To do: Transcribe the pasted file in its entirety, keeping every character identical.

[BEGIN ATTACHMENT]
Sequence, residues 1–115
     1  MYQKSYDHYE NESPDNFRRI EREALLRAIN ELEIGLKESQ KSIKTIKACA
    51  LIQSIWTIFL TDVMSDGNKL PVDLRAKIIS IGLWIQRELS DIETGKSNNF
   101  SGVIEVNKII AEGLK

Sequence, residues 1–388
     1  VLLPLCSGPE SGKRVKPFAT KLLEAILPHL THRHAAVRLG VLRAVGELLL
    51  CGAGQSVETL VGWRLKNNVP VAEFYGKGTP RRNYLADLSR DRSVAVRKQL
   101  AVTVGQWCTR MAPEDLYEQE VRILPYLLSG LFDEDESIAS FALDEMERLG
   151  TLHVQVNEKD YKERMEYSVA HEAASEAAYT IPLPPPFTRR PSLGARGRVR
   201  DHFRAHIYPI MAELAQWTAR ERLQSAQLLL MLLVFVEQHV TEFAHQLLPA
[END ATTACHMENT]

Sequence, residues 1–115
     1  MYQKSYDHYE NESPDNFRRI EREALLRAIN ELEIGLKESQ KSIKTIKACA
    51  LIQSIWTIFL TDVMSDGNKL PVDLRAKIIS IGLWIQRELS DIETGKSNNF
   101  SGVIEVNKII AEGLK

Sequence, residues 1–388
     1  VLLPLCSGPE SGKRVKPFAT KLLEAILPHL THRHAAVRLG VLRAVGELLL
    51  CGAGQSVETL VGWRLKNNVP VAEFYGKGTP RRNYLADLSR DRSVAVRKQL
   101  AVTVGQWCTR MAPEDLYEQE VRILPYLLSG LFDEDESIAS FALDEMERLG
   151  TLHVQVNEKD YKERMEYSVA HEAASEAAYT IPLPPPFTRR PSLGARGRVR
   201  DHFRAHIYPI MAELAQWTAR ERLQSAQLLL MLLVFVEQHV TEFAHQLLPA